ANALYSIS - Although still highly rated as the number one high output breed, some Holsteins have become too extreme, forcing producers to alternative crossing options in a bid to improve herd fertility, grow bigger calves and reduce veterinary costs through hybrid vigour.
Three breeds currently receiving the most attention from dairy farmers at the moment are the Freisian, Viking Red and the Montbéliard.
But there is no ultimate breeding programme, says Bill Foster, Dairy Breeding Specialist at Genus.
It is a trade-off between loss in yield and gains in health and fertility with the best formula depending on the specific character of the holding and contract requirements.
He maintains that in a high output, more concentrate based system, the Holstein is still number one.
However, for grass and forage based dairies on cheese or yoghurt contracts Mr Foster states that they may not be up to the job.
“It is a case of what farming system you are on. If you are feeding your cows well, looking at achieving high yields then the Holstein is a great breed,” states Mr Foster.
“However, if you are walking your cows half a mile to grass every day in the hills in Devon or Cornwall or South Wales and you are not pushing for high yields but instead going for lower inputs, some Holsteins struggle to perform and can’t get in calf easily.”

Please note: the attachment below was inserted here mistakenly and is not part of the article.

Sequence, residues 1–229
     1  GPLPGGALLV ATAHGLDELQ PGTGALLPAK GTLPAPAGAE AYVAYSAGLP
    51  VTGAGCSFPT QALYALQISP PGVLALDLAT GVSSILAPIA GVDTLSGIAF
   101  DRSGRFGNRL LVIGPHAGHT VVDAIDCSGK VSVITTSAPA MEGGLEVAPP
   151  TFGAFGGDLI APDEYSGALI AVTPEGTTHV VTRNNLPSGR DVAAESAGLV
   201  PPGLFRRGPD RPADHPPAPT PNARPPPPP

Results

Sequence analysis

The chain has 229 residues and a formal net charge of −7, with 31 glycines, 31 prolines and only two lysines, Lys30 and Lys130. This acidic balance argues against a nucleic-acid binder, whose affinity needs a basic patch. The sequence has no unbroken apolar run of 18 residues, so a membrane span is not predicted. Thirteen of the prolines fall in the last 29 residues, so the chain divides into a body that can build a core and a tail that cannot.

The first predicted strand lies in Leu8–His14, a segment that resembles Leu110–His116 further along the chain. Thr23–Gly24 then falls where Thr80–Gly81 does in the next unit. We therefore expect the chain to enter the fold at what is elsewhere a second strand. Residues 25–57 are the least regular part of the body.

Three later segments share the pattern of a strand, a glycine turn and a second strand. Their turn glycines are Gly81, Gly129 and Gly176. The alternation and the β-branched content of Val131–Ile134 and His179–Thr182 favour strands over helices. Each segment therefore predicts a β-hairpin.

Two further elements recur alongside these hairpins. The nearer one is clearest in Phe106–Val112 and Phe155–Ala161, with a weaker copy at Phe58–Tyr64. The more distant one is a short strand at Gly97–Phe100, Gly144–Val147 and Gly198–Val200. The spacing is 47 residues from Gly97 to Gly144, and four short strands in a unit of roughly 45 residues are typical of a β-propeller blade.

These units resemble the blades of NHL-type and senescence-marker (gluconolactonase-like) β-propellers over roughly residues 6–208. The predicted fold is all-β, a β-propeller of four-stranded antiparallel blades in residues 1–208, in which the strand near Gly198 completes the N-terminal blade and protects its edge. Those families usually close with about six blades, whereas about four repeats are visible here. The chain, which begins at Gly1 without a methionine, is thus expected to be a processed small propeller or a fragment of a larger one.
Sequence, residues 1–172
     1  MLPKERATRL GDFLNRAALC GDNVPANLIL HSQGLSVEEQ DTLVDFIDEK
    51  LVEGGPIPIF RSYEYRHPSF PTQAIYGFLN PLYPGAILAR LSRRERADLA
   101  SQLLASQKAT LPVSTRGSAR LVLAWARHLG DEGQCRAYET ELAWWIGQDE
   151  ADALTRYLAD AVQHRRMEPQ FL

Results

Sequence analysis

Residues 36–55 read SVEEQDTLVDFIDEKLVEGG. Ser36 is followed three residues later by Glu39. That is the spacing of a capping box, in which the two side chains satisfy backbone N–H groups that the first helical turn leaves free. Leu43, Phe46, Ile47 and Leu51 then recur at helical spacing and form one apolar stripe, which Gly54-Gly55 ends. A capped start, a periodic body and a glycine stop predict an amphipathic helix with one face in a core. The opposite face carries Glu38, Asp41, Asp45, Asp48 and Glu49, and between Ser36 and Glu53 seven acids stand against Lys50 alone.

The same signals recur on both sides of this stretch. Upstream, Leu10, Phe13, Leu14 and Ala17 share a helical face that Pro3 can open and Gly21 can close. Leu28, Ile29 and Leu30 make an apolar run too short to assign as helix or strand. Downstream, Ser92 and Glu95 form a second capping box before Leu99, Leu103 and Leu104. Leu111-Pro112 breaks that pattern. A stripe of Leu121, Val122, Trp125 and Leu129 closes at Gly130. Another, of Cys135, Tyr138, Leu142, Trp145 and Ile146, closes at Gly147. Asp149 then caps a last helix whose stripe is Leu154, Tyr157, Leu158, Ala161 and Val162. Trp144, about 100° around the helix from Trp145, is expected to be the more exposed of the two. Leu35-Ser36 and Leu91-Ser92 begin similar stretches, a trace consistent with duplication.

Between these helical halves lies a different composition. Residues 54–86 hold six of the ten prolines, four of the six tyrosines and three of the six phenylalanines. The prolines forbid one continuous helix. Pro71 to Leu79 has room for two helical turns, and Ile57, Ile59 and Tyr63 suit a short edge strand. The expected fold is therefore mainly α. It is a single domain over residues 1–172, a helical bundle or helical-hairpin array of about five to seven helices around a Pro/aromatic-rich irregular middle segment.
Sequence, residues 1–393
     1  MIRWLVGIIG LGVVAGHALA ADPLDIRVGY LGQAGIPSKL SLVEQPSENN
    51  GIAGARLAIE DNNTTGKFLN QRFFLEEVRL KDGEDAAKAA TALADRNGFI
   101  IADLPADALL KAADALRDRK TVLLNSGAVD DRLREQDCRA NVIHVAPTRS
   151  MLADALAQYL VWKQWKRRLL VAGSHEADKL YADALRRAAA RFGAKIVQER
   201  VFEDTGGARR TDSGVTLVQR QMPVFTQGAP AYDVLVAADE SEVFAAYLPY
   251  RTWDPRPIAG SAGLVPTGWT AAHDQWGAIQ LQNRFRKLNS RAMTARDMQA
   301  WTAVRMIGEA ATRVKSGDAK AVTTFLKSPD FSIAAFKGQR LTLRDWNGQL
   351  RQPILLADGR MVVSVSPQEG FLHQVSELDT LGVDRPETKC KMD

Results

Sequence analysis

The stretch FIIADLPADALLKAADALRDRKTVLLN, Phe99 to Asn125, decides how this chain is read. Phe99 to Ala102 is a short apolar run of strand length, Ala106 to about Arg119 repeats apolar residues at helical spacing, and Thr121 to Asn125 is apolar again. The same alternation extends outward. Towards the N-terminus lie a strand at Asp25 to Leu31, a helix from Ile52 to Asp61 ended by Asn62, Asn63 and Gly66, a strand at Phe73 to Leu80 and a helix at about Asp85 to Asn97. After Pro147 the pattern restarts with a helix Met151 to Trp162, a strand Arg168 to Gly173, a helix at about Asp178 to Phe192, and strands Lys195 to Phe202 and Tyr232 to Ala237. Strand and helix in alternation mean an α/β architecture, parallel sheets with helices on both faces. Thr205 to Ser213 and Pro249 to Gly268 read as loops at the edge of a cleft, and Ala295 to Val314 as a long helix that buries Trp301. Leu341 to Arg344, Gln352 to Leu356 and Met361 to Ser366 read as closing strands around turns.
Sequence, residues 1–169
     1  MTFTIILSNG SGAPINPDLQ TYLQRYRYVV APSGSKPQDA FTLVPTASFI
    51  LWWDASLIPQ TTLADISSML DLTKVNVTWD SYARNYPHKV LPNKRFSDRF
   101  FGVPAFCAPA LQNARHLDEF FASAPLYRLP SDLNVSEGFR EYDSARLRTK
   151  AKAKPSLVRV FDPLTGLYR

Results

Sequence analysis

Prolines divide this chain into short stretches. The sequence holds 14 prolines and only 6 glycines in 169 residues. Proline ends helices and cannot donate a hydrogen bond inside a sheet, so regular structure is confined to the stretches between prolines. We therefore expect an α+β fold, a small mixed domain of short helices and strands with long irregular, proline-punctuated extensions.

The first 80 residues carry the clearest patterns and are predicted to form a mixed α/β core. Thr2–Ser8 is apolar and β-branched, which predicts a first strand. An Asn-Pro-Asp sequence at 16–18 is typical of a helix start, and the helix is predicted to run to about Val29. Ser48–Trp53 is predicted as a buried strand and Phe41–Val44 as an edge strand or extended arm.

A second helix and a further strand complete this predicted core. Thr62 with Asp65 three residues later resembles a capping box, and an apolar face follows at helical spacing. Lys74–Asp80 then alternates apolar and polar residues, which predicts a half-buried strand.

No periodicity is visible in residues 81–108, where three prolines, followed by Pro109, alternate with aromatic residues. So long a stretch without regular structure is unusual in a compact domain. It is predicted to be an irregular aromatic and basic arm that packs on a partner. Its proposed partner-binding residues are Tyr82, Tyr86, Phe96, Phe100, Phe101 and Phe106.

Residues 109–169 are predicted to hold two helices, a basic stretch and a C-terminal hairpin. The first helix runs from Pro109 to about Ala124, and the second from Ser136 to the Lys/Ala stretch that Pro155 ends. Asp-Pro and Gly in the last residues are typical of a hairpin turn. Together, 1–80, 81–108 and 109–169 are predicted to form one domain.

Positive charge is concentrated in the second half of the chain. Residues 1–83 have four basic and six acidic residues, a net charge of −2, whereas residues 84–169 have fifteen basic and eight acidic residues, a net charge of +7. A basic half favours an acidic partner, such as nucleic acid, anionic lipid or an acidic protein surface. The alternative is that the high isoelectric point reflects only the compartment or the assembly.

Currently, Freisians are the premier crossing option with Viking Reds and Montbéliard genetics also building in popularity.
“Some people are using three way crossing at the moment – there are lots of different ideas,” adds Mr Foster.
The popularity of Fresians is largely down to it’s black and white characteristics which mean stock value does not depreciate as they allow the Holstein breed code to stay on the farm, explains Mr Foster who has experienced a surge in Friesian popularity in recent years.
“Our Freisian sales have rocketed in the last ten years and today represent 15 per cent of our dairy inseminations which we export to seventeen countries,” says Mr Foster.
Of the three breeds, each one brings something slightly different, explains Susan Stewart, European Dairy Product Manager at Genus.